Who is Dumping Tomatoes and Onions All Over This Town in Maine?
Editor's note: This article was written by a Townsquare Media Northern New England contributor and may contain the individual's views, opinions, or personal experiences.
You know what they say: the first time someone dumps a bag of produce on the ground, it’s an accident.
The second time someone drops a bag of produce on the ground, it’s a coincidence.
The third time someone drops a bag of produce on the ground…it’s creepy.
And as in the seemingly harmless beginning of a Stephen King tale, it’s happening in a small town in Maine. Bath, to be precise, where residents keep finding tomatoes and onions scattered across a cemetery.
Bath’s Parks and Recreation Department posted a photo of this eerie reoccurrence on its Facebook page.
With it, officials included this damning message:
“Someone continues to dump mostly tomatoes and onions in the Cemetery and other places around the City..... Please stop immediately and by the way you are .2 miles from the free Garbage to Gardens composting buckets at Public Works. If you know who is doing this please message us. Thanks”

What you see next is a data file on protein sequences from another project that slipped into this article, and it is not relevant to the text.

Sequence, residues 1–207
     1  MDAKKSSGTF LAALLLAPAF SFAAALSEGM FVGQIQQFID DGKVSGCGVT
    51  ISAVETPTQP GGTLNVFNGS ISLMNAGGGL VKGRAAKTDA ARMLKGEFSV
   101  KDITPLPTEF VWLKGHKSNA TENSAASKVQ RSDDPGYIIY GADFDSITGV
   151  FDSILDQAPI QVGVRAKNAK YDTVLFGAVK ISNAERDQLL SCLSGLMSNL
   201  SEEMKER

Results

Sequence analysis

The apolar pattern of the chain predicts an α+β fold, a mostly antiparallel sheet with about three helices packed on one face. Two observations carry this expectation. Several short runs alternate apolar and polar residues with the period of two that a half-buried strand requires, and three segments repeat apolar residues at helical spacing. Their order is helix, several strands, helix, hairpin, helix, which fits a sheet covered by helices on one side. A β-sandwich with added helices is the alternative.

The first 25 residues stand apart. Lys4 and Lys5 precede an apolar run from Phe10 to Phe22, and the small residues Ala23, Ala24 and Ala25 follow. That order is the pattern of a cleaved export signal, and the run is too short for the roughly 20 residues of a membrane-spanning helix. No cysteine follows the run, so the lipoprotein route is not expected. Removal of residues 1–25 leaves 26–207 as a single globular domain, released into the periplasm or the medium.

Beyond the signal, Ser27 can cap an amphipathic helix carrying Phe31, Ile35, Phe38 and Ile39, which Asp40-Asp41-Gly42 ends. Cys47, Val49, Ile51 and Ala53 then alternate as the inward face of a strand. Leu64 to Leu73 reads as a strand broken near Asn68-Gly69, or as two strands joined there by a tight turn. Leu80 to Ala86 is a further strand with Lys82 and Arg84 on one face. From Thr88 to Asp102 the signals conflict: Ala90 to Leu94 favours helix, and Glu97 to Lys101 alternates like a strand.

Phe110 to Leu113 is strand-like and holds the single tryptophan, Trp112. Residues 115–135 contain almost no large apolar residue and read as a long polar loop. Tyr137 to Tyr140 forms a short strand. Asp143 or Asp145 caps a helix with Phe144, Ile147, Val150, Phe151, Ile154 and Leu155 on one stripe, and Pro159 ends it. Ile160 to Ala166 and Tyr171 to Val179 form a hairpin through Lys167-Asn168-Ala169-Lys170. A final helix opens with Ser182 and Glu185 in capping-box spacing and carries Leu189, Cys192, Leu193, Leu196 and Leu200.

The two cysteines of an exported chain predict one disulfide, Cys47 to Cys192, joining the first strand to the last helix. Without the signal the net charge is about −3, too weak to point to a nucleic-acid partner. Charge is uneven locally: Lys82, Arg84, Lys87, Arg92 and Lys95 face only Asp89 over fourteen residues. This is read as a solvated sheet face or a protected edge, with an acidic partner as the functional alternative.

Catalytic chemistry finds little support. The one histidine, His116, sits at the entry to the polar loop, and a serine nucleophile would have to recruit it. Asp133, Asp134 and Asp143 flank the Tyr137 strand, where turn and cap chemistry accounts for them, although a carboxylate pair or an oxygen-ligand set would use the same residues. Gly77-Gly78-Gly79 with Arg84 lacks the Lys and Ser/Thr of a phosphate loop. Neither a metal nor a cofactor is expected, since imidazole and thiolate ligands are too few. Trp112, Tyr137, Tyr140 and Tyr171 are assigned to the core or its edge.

Whomever (or whatever) it is, it’s no longer funny, at least according to residents who responded to the post, who say they've found the vicious veggies (or are tomatoes a fruit?) on their own property.
Some suggested the town put up a camera. Meanwhile, others asked why the town hasn’t already put up a camera. Probably because the produce perp would lather the lens in ranch dressing.
Others keep speculating about the source. One Mainer suggested it could be a restaurant disposing of vegetables gone bad, while some remain firm in their belief it’s a prank gone…rotten.
But some kind souls are trying to remain optimistic, reasoning that perhaps someone thinks they are feeding the wildlife, though I can’t recall any deer-lovers in my neighborhood putting up a tomato-lick.
It’s just the latest in a trend of odd dumpings, like one in Dover, New Hampshire, where someone left an even more peculiar pile in an empty field.